Sion Jenkins talks for the first time since being cleared of murdering Billie-Jo

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The Independent Online

Sion Jenkins, acquitted last month of murdering his 13-year-old foster daughter, Billie-Jo, last night spoke in detail for the first time about events surrounding her death. He lashed out at Sussex police, who investigated the crime, accusing them of "using" and manipulating his former wife, Lois, and turning her against him in the original trial eight years ago.

In an emotionally charged interview, Mr Jenkins denied claims by Lois that he had been violent during their marriage. He last night described himself as a "good husband" and "loving father" who had never beaten his wife. He says that Lois was "confused" and "vulnerable" in the wake of the murder, and that the Sussex force should apologise to her.

"In all the allegations that Lois has put, with regard to that I was a wife beater, that is not true," he says.

The former deputy head teacher, 48, was jailed for life in 1998 for the murder of Billie-Jo at their home in Hastings, East Sussex, in February 1997. A retrial was ordered by the Appeal Court in 2004, and Mr Jenkins was freed on appeal, but the jury failed to reach a verdict at the Old Bailey last year. A further retrial was ordered, but this February, after a five-month trial the jury again failed to reach a verdict, and the Crown decided not to seek a new trial. As Mr Jenkins walked free, he was jostled and punched by furious relatives of Billie-Jo. One shouted, "It ain't over yet!"

Billie-Jo was beaten to death on a sunny Saturday: Mr Jenkins maintained in court that the last time he saw her alive she was painting their patio doors. He had gone to buy white spirit at a local shop with two daughters, and said that on his return he found Billie-Jo dying, covered in blood. He said he held her in his arms and dialled 999.

Talking to Sir Trevor McDonald for a special edition of ITV1's Tonight, broadcast tomorrow, Mr Jenkins claims that his movements and behaviour on the day of the murder were "presented in a false light" and "twisted".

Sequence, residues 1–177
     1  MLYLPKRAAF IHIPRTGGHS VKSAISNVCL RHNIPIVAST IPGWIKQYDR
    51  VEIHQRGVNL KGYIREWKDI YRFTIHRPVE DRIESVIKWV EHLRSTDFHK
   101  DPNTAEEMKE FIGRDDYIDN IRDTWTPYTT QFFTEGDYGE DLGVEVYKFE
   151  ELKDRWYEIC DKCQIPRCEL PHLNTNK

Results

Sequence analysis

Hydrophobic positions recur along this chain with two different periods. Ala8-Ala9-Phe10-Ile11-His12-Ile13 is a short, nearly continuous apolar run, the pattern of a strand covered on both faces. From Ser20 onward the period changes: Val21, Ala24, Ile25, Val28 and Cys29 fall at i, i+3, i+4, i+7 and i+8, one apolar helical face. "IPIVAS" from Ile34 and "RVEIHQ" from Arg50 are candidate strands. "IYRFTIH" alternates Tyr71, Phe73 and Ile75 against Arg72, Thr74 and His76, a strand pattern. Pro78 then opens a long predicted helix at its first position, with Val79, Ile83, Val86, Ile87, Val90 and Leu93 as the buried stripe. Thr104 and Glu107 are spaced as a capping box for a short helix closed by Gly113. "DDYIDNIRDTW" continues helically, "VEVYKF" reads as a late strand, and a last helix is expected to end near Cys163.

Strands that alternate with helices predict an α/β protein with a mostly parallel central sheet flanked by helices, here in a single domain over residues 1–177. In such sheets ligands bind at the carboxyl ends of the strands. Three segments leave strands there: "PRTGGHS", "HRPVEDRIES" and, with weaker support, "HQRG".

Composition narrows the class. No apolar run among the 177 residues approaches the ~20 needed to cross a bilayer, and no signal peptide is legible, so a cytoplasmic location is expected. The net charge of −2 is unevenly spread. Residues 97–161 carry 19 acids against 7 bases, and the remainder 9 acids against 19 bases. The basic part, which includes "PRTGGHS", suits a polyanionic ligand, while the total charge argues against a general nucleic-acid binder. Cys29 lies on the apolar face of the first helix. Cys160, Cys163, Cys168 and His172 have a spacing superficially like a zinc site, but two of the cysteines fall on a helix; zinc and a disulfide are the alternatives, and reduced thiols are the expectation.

The prosecution argued that a fine spray of blood on Mr Jenkins's clothes was caused when he repeatedly struck her with a tent peg. However, at the 2004 appeal, government scientists conceded that they had ignored post- mortem tests that might have revealed that Billie-Jo suffered from a medical condition that meant air could have been forced into her lower lungs - and caused a mist of blood particles to spray from her nose and mouth when Mr Jenkins was holding her. In court it was revealed that he had once lied on a CV to get a better teaching job- placing his character and the value of his testimony in question.

"Maybe 97 per cent of [the first] trial was fought on science," he tells Sir Trevor. "Both my appeals were effectively fought on science. My appeal was allowed because of the scientific case that supports my innocence ... suddenly it was more like 60 per cent science and the other 40 per cent was bad character: you have lied on your CV, that probably means he is guilty."

Mr Jenkins lied on his CV "because I wanted a better job ... to be sure of getting an interview ... and so I stupidly exaggerated my qualifications and experience and after a few years it became an albatross around my neck and I regretted it."

Of the moment he found Billie-Jo's blood-spattered body, he says: "I could not take it in. My world just fell apart. I had my two other daughters with me, Annie and Lottie, and they were crying and were hysterical.

"I needed to be with Billie and to help her. I had my other children to look after. I had no idea what was happening. There was nobody else to help me ... I phoned a friend of the family who only lived a minute away to come over. But it was, it is, a scene that no person should ever see and I couldn't cope with it at all."

'Billie-Jo and Me: A Tonight Special' is broadcast on ITV1 tomorrow at 8pm